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How Water Efficient Toilets Can Save You Money & Help The Environment

Do you know that 71% of the earth is covered with water? Of course, there is a lot of water here to survive and to waste. But are you aware that 97% of the total water available is salt water and is not suitable for drinking? And out of remaining 3%, only 1% is available for use, rest is locked in glaciers. Now, this seems a little less, Right? But why should you care? Well, you should care for the environment, for the generations coming next and if for not anyone, then for your pockets.

Now the question arises where and how can you reduce water footprints.  Almost all daily routine job requires water, but if done efficiently, you can end up saving a lot of both; water and thus the environment. Here is a chart depicting the usage of water on a daily basis in a non-conserving home.

This chart totally depicts that the maximum water used in a home goes in flushing. And every single time you flush, you’re spending money on water. Hence, clearly high- efficiency toilets achieve real water and money savings.

 

It’s Time to Switch to Water Efficient Toilets

 

In 1995, The National Energy Policy Act mandated that all new toilets had to be low flow toilets using no more than 1.6 gallons per flush which were less than half the water used by toilets in the 1980s. Initial results were dissatisfactory but then came the pressure-assisted flushing. The principle of water efficient toilet design and operation was the shift from removing waste by using flush water volume to increasing flush water velocity.

With the limited supply and continuous waste of water resource, it is crucial that we wake up and use it wisely so that we can protect and preserve our environment, minimise the effects of drought and save energy and finally the water bills. Upgrading to low flow toilets can play a crucial role in reducing water footprint.

 

Advantages Of Low Flow Toilets

 

1. Water Conservation

The low-flow toilets use a maximum of 1.6 gallons as compared to older models which used to consume as many as 7 gallons of water every time you flush; which means that in a year a family of four can save up to 13000 gallons with this mere switch.

 

2. Cost Savings

When saving water with every flush, you save money which was earlier flushed in the water bills with the flush water. Though initial investment of upgrading your toilet to low flush may be high, the end results will be desirable.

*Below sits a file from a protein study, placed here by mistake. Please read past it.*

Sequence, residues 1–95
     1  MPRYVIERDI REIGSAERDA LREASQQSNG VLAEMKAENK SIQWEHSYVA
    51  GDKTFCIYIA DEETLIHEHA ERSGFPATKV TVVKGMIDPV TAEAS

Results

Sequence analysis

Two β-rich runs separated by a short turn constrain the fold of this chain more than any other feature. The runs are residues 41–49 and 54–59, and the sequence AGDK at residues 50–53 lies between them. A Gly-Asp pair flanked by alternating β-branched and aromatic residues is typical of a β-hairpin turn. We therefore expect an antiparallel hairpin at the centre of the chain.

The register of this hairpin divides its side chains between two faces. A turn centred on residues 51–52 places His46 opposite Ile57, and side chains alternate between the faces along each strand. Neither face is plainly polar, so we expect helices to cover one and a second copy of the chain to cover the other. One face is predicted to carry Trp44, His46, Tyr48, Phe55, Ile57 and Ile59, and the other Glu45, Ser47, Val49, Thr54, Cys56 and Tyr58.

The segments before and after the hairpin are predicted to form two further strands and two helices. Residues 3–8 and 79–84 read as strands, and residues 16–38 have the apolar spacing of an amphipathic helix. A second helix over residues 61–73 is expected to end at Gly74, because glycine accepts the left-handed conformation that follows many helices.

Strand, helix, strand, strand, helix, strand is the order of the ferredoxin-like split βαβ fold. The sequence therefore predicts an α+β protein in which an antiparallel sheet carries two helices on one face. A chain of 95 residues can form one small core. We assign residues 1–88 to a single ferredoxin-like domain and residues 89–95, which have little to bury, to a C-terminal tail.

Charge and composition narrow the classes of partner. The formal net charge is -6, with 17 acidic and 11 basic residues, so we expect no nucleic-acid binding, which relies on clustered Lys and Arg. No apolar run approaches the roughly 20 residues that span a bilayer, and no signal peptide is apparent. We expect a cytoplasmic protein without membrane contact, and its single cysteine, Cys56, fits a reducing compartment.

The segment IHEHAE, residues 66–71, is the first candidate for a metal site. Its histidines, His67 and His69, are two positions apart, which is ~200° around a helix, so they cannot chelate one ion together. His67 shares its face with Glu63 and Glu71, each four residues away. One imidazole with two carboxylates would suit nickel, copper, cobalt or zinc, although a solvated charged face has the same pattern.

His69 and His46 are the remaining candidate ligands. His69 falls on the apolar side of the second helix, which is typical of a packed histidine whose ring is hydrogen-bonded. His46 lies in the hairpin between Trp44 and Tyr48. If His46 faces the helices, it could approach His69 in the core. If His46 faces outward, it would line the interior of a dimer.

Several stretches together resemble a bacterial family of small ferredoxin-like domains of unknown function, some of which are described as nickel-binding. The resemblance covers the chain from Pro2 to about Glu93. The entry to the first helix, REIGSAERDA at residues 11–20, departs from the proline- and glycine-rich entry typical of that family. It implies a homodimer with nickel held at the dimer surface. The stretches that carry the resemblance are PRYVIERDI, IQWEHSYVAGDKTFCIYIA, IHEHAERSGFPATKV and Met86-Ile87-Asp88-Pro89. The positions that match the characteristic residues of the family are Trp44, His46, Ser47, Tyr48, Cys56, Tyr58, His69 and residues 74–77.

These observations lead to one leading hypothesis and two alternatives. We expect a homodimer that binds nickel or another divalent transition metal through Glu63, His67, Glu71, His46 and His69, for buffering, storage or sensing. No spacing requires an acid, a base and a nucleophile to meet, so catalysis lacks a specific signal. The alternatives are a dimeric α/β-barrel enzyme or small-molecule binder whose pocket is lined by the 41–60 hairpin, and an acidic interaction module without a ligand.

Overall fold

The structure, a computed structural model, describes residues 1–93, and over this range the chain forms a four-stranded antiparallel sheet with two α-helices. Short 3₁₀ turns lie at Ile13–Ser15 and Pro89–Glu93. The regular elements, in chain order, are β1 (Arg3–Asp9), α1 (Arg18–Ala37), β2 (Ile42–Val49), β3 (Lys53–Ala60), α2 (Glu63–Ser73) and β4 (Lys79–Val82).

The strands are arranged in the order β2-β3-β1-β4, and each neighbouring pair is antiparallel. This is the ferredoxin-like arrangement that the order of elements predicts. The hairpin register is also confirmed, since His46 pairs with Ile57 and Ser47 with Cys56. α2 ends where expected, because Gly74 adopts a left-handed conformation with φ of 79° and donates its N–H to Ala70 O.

Water Efficient Toilets – Know The 3 Basic Designs

 

Toilets work on two basic functions i.e. intake of water from the toilet tank and the discharge of wastewater. And on the basis of these two functions three basic designs for toilet system are available:

  1. Gravity-Fed Tank: They rely on the power of gravity and the larger opening to do work.
  2. Two-Button Flush: These are a gravity-fed tank with two-flush buttons, one for liquid wastes and the other for solids.
  3. Power-Assist or Pressure-Assisted: These are powerful than gravity-fed toilets and uses compressed air to force the water to flush the waste.

 

SMALL Toilet Tips for BIG differences to Conserve Water

 

1. Buy A Low-Flow Toilet/Dual Flush Toilet: Your old toilets may be wasting water due to inefficiency. Upgrading to a low-flow toilet or Dual flush toilet can bring a reasonable amount of saving of water and money

2. Check for Any Leaks: Take a regular check on faucets and toilet guns as one drop per second accounts up to 5 gallons per day, which is a great loss and should not be neglected.

3. Place A Plastic Bottle Inside Tank: Weird, right? But, it works. All you have to do is to fill a plastic bottle with pebbles and put it in the toilet tank. This simple step can save 10 gallons per day. Try it now.

4. Don’t Flush Tissues, Insects, and Other Waste in the toilet: Flushing these will again take few gallons. Better to throw these in a waste bucket and dispose of.

So, tips to save water are not a big deal but saving it is a BIG one; and you know why! What all it takes is a commitment and some rework in your toilets.

 

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Curated by editor at  Wienerberger India

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